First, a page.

I was fortunate my first assignment to cover Chicago City Hall in 1978 occurred at the same time that Jane M. Byrne, the former Chicago commissioner of Consumer Services announced her candidacy for mayor against Mayor Mike Bilandic and the Chicago machine.
Byrne, who died Friday, looked to be a longshot. I have written much about her career online (www.TheMediaOasis.com). But Jane Byrne was a dynamo earning the nickname “Fighting Jane.”
Byrne was motivated to run for mayor because of revenge against the “Cabal of Evil Men” whom she identified as Ald. Ed Vrdolyak (a convicted felon), the surviving and brilliant Ed Burke, and the late representative of the Chicago mob, Ald. Fred Roti.
Vrdolyak, Burke and Roti, Byrne alleged, had corrupted Bilandic, who became mayor after the death of Richard J. Daley.
No one believed Byrne could win. Burke blew her off saying she was like is aunt. Vrdolyak scoffed. Roti just took orders. And Bilandic fumbled through one of the worst-run campaigns for election I have ever seen in 40 years of covering Chicago politics.
Bilandic’s stumbles were driven by his failure to deal with a record snowfall that hammered Chicagoland at the end of 1978 and early 1979. Instead of removing snow, Bilandic gave a sweetheart deal contract to his former deputy mayor, Ken Sain, who produced a 90-page report ($1,000 a page) that basically said when it snows, shovel it.
Bilandic continued his tumble, ordering the CTA trains to skip past black inner city stops to get white voters back to their homes. Most were suburbanites. Black commuters simmered as they watched train after trains speed past while they froze in the bitter January arctic chill.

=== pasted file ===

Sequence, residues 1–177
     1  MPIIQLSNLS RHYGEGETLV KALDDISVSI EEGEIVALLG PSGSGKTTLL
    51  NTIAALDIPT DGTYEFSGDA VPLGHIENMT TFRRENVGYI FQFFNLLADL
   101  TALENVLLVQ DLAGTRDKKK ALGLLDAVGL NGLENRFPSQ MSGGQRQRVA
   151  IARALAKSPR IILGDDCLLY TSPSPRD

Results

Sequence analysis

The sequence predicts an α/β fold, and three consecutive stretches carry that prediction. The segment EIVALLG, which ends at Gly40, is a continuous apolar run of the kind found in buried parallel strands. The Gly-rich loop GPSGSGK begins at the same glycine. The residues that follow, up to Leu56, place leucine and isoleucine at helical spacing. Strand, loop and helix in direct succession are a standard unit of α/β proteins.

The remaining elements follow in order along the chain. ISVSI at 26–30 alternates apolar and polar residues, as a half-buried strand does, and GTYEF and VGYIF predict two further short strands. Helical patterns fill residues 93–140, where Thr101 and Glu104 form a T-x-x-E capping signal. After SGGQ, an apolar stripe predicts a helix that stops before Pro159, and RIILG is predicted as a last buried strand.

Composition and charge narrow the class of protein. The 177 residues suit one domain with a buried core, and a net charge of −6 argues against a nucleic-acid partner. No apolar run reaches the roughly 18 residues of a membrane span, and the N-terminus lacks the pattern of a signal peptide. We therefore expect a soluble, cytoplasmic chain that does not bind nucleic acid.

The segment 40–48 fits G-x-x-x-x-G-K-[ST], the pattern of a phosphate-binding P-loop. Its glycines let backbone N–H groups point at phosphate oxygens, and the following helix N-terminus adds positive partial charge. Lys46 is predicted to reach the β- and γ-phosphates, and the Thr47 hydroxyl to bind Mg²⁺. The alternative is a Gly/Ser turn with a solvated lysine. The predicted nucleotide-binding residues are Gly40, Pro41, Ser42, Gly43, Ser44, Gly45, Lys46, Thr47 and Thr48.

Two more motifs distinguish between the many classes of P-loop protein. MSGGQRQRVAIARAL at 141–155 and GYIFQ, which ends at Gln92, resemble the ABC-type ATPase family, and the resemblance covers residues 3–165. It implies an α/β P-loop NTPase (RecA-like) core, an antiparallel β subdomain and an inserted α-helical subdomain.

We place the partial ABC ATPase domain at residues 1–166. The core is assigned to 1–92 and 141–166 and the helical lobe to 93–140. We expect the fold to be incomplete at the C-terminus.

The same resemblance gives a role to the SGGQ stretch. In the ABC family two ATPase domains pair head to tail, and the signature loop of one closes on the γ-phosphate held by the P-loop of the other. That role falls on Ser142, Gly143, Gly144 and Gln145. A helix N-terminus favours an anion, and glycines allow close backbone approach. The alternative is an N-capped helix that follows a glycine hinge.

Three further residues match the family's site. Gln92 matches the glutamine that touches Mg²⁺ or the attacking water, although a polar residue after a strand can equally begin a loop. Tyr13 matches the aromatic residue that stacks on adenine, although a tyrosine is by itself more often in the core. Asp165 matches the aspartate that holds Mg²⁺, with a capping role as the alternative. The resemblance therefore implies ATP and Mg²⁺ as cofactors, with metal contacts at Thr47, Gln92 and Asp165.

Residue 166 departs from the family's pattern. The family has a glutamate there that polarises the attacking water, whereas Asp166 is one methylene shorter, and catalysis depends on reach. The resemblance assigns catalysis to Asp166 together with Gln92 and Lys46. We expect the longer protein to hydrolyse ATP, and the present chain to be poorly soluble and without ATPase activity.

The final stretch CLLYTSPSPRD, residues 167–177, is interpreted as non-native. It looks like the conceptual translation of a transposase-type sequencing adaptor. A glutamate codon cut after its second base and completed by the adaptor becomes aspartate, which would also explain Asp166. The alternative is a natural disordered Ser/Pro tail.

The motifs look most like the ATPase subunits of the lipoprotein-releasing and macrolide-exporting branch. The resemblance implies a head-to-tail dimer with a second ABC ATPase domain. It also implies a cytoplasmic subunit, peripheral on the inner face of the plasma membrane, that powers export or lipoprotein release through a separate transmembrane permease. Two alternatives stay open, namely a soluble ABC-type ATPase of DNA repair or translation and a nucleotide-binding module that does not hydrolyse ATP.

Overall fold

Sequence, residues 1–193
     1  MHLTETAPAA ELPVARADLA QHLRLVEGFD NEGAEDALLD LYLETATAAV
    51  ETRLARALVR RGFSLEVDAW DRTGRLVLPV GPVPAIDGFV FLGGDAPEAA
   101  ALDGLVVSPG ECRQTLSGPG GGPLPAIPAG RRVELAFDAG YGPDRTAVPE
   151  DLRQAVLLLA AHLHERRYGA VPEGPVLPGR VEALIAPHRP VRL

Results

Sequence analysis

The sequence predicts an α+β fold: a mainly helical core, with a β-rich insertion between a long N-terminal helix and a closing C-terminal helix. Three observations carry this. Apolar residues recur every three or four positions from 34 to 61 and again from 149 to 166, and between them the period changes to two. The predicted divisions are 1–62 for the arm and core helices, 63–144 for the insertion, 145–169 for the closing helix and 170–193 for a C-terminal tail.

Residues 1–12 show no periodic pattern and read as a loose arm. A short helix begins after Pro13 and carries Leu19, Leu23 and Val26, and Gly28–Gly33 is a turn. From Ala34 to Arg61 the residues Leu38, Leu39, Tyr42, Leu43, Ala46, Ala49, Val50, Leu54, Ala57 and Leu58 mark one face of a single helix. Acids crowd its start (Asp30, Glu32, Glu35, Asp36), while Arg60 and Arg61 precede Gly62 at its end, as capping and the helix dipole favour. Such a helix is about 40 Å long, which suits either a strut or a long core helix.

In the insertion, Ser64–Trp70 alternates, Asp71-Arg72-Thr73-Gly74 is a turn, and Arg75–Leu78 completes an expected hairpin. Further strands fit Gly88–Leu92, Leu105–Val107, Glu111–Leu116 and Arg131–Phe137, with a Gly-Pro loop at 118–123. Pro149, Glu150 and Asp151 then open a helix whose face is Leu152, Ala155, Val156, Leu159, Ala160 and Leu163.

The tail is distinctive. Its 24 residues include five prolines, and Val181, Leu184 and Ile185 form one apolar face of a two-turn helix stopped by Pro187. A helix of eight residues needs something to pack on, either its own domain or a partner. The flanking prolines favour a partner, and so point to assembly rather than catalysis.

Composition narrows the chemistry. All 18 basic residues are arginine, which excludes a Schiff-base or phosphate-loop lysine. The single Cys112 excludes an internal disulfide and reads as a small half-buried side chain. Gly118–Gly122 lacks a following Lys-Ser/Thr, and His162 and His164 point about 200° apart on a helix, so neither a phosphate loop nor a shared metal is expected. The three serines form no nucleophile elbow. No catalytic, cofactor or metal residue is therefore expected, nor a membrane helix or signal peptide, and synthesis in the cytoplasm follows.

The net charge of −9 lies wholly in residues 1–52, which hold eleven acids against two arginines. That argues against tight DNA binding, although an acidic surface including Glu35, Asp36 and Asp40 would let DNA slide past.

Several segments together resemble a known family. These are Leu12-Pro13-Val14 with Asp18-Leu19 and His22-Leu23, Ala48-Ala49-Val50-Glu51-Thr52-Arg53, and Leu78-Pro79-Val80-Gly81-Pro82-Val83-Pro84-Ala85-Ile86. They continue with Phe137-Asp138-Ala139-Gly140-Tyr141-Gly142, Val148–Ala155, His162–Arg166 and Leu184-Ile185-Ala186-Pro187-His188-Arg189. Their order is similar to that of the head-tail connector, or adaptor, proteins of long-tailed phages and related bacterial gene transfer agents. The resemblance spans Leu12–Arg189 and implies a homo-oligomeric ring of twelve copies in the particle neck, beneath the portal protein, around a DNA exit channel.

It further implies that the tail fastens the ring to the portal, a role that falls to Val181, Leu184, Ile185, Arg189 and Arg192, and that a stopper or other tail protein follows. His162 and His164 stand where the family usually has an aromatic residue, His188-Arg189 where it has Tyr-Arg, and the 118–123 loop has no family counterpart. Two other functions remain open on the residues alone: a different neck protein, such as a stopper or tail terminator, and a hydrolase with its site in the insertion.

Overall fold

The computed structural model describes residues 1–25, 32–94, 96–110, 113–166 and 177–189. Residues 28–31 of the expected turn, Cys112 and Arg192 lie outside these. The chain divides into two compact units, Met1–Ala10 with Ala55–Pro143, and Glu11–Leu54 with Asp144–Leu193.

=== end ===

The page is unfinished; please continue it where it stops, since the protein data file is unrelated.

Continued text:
Then, Bilandic promised to remove snow from the white neighborhoods, announcing a plan to shovel neighborhood streets urging homeowners to park their cars in local parking lots so the plows could race through. But the snowplows dumped the snow in the same parking lots, burying the parked cars.
Next, as the snow crippled O’Hare Airport and brought it to an unprecedented standstill, Bilandic and his socialite wife, Heather Morgan, stood at O’Hare Airport and accepted an award claiming that O’Hare was one of the best run airports in the country. Behind the Bilandics, as they posed for pictures, were mounds of luggage and stranded commuters who were stuck at the airport for days.
Byrne got the support of Mike Royko, whose columns gave her the 30,000 votes that helped put her over the top in the election.
After winning, the humiliated aldermen bowed, fearing the new mayor would strip them of privilege, clout and perquisites.
Byrne tapped Aldermen Bill Lipinski, Marty Oberman and John Aiello to run her administration. But the trio stumbled so badly, Byrne cut a deal with Vrdolyak to take their place.
All the reforms Byrne promised went out the window. Byrne allied herself with the same cabal that ran Bilandic’s failed administration, including the controversial housing kingpin, Charlie Swibel.
Byrne took her rage against the media focusing on me because I was from the Southwest side, “Daley Territory,” believing I was his ally. Her attacks against me were unprecedented and relentless.
The pinnacle was when her husband, Jay McMullen, threatened to punch me in the nose, pushing my career into the media stratosphere, which I loved.
Yet, I have to say with sincerity, we miss you Jane Byrne. You deserved far more respect than you received.